27 January 2009

War gilt

What better way to invest your cash than buying up bonds that helped finance the British during the Great War but which still pay dividends twice a year.

That would be the 1914-1918 war.

In 1917, the British government issued bonds  - known as gilt for the gold edging - at 5% interest. The bonds had no maturity date. 

At least, one investor has been buying them up as a hedge against deflation. The bond issue, currently valued at US$2.9 billion, is unlikely to be redeemed and individual bonds currently trade for less than one pound sterling.

Aside from the curiosity of the notion of 90 year old bonds that are still paying out, this story is interesting for Newfoundlanders and Labradorians for another reason.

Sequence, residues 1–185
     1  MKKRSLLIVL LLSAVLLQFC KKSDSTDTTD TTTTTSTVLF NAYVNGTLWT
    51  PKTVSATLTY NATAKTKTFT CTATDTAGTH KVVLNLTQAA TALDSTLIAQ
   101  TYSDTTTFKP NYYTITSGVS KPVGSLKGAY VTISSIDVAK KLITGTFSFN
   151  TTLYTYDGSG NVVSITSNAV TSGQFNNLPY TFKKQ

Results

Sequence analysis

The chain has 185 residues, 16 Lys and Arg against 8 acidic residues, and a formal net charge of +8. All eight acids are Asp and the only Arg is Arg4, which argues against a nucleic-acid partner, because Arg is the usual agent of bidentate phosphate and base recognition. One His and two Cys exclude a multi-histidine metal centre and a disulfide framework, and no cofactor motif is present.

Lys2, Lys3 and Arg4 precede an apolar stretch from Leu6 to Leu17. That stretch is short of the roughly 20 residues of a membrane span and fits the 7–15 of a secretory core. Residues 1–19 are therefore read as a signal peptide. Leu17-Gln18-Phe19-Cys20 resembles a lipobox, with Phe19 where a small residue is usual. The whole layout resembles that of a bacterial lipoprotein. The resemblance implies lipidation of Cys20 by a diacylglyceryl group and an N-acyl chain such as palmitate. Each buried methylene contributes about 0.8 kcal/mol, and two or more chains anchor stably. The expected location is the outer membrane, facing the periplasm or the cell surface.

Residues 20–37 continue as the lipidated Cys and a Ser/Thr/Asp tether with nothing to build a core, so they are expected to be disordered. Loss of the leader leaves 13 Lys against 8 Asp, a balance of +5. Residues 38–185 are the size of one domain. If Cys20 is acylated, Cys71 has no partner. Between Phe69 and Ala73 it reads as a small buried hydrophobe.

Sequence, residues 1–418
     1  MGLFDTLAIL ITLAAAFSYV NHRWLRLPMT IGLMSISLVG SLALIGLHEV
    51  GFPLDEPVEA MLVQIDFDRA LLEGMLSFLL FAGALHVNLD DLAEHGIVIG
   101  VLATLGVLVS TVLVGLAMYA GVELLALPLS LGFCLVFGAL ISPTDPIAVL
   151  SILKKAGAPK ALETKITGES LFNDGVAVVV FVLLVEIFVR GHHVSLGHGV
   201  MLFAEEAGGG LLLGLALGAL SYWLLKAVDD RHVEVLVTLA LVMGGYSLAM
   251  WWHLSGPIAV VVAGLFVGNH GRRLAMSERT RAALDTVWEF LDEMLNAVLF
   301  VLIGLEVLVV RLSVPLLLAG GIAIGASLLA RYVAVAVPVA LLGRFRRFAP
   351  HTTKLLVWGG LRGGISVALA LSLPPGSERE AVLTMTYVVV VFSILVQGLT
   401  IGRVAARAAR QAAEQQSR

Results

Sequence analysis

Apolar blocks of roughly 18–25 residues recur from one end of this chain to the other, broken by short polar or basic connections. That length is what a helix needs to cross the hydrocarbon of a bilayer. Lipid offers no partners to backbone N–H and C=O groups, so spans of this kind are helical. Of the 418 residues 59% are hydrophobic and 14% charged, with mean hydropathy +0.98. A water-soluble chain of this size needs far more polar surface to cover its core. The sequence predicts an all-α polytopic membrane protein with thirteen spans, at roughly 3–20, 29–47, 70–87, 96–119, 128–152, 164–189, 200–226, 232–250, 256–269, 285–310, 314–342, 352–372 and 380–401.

The war bonds originally carried an interest rate of 5% but this was lowered – unilaterally – by the British government in 1931/32 to 3.5% during the early years of the Great Depression.  At around the same time, Newfoundland was struggling under its own crushing debt.

The debt was incurred partially to fund the war and partially to finance a disastrous railway spur line project in the early years of the 20th century.  In any event, Newfoundland was discouraged by the British from unilaterally reducing the interest on its debt since to do so – the British argued – would call into question the financial integrity of the empire.